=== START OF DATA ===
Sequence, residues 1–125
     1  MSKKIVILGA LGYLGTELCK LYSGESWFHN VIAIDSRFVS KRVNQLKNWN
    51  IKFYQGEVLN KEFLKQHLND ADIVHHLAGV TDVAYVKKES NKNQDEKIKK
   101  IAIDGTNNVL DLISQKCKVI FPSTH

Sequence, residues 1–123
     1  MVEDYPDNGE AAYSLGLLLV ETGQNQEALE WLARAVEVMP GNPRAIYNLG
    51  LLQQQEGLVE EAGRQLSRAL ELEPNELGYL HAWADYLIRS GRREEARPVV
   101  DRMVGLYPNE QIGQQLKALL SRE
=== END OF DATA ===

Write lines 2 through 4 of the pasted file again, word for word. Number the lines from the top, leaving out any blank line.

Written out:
     1  MSKKIVILGA LGYLGTELCK LYSGESWFHN VIAIDSRFVS KRVNQLKNWN
    51  IKFYQGEVLN KEFLKQHLND ADIVHHLAGV TDVAYVKKES NKNQDEKIKK
   101  IAIDGTNNVL DLISQKCKVI FPSTH